The Festival of Art will be hosting its first art extravaganza on the 17th & 18th of March in Franschhoek across three venues, each of which brimming with potential and nuance (but more about those later).
One might feel that another festival would struggle to stand out amongst the busy tapestry that is the Capetownian Social Calendar; however, it is the unique ethos of this Festival that makes it stand out. When asked, the organizers had this to say: “Our goal is to provide a platform for undiscovered local artists where they can exhibit their work in a creative, relaxed and beautiful environment. We opened our applications on the 15th September 2017 and received an incredible variety of work from all sorts of artists ranging in skills and styles – the only prerequisite was that they live in SA. Amongst those, sixteen underprivileged, extremely talented artists were sponsored by Festival of Art with stands and supplies to assist them in exposing their talent. They teamed up with a community outreach program ‘Outliers’ (www.outliers.org.za) that assists more than eighty volunteer-driven initiatives in townships where adults help children after school from 3 p.m. until 6 p.m., assisting with homework and teaching them therapeutic coping skills such as creating artwork.” These young artists, along with a number of other exceptionally skilled individuals, have had no formal training but their work is astounding and will be exhibiting for the first time at the Festival of Art.
The venues hosting this year’s Festival of Art each exude their own style and character; not surprising when you consider that they boast a collective age of over five hundred years. Each of these picturesque locations will feature a celebrated South African artist (Selwyn Pekeur at Bridge House, Nanette Ranger at Eikehof & Ronald West at La Bri).
A quick peek at the Festival of Art’s website (www.festivalofart.co.za) will get you picturing the festive scene; an art in the park extravaganza set in and amongst shady trees and rows of vines.
“Under the oak trees in the shadow of the Drakenstein mountain lies Eikehof, one of the first farms gifted to the Huguenots in the Franschhoek area. Subdivided in 1858 and purchased by the Malherbe family in 1903, today the estate is owned and operated by the fourth generation of Malherbes…”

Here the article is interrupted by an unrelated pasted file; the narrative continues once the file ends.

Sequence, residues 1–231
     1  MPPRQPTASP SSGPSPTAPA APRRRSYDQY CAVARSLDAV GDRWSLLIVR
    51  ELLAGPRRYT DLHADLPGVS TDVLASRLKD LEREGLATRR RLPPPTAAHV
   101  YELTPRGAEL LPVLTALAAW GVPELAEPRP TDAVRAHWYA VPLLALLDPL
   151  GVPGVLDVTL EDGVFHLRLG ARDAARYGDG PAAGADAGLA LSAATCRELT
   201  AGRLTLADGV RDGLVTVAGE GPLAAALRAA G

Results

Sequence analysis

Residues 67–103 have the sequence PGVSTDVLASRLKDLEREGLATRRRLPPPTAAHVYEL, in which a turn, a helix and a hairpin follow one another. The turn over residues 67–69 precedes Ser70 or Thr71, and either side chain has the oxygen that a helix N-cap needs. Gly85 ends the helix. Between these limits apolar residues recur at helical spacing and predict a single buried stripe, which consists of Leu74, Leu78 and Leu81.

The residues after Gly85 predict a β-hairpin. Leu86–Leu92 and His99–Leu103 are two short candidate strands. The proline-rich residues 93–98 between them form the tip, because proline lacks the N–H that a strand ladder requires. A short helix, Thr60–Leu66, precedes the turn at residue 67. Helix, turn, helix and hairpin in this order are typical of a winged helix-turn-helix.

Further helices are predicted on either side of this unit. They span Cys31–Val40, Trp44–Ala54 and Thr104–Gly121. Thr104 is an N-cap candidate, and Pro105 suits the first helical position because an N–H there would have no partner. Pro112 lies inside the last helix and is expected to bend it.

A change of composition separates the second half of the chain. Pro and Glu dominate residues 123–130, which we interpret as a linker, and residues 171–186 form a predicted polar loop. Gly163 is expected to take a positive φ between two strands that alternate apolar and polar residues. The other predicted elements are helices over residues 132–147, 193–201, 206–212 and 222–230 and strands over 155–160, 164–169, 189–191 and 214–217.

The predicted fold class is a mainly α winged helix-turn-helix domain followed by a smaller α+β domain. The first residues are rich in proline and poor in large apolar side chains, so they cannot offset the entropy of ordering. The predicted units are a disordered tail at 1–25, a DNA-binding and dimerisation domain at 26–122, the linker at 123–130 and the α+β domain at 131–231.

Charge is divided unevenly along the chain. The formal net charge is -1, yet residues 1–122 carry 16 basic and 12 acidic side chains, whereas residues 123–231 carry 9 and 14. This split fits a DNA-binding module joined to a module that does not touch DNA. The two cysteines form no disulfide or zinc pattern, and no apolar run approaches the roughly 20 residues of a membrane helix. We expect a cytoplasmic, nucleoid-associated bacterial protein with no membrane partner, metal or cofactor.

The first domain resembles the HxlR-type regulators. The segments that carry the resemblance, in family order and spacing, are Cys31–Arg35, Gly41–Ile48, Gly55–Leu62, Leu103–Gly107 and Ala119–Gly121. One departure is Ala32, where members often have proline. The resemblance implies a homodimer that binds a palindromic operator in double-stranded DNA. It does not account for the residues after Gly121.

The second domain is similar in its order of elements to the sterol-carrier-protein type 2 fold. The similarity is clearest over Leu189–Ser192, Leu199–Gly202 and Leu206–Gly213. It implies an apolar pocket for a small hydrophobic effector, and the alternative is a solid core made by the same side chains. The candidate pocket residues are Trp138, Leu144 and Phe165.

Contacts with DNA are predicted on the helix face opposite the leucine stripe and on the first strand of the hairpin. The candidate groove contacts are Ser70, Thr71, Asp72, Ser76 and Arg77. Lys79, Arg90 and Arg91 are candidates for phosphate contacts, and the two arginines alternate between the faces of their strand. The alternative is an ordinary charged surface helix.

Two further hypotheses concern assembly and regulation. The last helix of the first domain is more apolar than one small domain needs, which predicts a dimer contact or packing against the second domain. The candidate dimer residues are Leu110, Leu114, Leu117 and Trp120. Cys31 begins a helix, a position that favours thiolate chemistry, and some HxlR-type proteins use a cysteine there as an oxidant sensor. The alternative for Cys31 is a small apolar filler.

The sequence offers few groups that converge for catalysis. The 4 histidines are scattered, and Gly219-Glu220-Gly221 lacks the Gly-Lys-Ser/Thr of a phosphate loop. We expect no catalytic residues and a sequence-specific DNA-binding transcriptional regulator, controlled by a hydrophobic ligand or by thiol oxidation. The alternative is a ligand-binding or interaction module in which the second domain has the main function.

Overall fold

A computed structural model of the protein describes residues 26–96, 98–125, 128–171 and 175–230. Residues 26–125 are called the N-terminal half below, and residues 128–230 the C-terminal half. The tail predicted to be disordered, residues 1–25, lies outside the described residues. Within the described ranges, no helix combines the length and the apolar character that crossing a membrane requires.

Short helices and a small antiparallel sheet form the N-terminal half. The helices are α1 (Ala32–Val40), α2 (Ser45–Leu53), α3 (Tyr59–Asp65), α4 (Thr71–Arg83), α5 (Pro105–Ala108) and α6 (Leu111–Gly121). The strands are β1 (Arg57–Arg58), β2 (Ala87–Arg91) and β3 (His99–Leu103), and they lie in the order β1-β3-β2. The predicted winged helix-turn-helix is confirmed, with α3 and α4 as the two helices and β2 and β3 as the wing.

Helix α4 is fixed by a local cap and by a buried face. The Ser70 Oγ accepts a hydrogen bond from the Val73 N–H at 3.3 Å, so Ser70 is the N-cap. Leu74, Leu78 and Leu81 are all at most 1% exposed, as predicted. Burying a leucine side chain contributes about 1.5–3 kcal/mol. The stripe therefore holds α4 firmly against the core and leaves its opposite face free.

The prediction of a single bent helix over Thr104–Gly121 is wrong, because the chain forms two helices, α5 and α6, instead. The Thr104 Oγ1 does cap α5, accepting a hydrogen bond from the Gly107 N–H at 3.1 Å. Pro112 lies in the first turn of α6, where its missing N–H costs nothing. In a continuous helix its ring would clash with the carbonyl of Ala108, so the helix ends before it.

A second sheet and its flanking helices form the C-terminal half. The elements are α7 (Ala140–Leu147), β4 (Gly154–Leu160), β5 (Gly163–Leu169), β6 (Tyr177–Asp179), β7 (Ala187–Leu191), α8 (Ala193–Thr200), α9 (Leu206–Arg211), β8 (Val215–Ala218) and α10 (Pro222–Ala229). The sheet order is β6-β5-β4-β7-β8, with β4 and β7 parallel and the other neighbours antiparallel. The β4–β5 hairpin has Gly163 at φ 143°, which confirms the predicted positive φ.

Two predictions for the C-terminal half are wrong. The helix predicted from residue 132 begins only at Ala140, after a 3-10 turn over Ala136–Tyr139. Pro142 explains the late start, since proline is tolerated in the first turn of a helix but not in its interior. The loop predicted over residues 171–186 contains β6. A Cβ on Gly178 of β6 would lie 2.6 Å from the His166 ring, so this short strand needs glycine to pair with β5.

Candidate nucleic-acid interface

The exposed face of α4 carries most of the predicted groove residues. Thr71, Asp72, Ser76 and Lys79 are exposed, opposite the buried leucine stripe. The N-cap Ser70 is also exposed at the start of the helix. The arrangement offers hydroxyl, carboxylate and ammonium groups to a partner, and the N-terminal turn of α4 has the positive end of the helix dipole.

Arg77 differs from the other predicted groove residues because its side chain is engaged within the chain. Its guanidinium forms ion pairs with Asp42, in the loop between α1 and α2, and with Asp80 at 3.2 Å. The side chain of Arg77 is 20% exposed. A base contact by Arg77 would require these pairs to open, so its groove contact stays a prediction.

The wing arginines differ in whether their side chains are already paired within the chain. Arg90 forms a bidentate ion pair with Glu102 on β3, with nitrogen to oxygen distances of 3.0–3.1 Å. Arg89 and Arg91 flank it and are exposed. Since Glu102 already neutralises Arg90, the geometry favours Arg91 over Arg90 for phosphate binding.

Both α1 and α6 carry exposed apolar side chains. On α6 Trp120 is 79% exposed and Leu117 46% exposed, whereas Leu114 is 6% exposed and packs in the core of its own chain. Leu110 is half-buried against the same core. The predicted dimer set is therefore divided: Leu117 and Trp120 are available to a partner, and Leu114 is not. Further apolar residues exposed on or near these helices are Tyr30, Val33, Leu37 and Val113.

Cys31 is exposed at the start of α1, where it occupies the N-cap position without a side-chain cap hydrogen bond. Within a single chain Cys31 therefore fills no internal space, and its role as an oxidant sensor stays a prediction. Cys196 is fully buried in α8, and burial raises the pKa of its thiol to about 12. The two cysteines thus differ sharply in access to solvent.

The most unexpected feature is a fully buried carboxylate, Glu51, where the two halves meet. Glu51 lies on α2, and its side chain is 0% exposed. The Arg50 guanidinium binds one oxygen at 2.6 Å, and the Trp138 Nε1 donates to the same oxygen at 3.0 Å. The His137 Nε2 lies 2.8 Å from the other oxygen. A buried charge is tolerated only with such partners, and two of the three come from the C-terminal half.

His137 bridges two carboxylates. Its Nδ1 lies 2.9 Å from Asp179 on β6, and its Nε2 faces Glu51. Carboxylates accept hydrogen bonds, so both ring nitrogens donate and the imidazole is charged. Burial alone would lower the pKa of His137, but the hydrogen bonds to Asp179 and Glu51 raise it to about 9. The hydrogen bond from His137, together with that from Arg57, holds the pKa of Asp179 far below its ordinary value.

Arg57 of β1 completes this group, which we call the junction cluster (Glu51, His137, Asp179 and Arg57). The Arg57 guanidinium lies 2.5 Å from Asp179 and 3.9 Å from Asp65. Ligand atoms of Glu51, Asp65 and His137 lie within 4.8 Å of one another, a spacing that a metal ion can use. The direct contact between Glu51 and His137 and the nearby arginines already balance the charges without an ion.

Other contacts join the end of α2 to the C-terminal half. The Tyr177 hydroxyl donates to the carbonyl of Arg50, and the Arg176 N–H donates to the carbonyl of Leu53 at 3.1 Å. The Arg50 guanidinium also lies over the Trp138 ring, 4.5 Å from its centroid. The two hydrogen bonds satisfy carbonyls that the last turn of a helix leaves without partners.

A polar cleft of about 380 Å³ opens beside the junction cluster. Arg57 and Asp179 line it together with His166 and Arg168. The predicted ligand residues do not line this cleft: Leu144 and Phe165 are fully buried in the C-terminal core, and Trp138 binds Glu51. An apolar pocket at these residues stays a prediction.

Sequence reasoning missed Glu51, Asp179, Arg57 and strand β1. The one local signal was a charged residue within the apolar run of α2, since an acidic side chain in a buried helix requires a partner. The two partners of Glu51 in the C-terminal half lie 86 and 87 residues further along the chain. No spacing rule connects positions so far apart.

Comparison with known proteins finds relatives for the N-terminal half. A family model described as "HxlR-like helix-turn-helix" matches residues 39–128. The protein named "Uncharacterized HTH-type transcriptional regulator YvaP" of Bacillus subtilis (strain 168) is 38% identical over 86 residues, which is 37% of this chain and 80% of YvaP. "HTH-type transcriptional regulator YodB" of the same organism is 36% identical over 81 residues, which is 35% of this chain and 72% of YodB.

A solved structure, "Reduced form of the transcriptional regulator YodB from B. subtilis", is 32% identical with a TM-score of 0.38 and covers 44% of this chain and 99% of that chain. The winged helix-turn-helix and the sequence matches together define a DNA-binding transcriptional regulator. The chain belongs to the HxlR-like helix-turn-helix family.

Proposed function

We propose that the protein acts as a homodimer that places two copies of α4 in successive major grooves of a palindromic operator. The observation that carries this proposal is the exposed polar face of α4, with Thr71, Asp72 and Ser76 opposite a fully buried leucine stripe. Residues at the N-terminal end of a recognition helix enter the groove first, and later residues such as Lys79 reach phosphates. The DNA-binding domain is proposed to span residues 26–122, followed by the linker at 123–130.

“As one of the first nine farms granted to members of the earliest Huguenot group seeking sanctuary in the Cape in 1688, La Bri is already home to a rich and colourful history…”
Bridge House has its own sense of reverence that comes from decades of moulding and sculpting young minds into learned scholars, “Walk down the halls of Bridge House and you’ll immediately see the school’s commitment to artistic expression through the artworks lining the walls – some created by students, and some by parents themselves”
Whether distilling vinicultures or installing a sense of culture, these venues provide a vintage mystique that is sure to captivate you no matter your palate.
If you’re wondering if there is anything else to look forward to, the simple answer is yes! For entertainment there are street performers, buskers and musicians constantly taking turns to provide you with their best material. One of the highlights for visitors will be that many artists exhibiting their artwork will be working on pieces during the Festival of Art – who doesn’t love watching an artist’s process and connecting with where the artwork comes from? “After all, the whole concept is to have people interact with art in a fun way, providing people with the opportunity to reconnect with art and the artistic process,” say
With all the artists chosen and the venues primed for what promises to be two amazing days whether you are a lover of art, curator, gallery-owner, or just in need of something different, you do not want to miss this! Book your ticket now: www.qkt.io/foa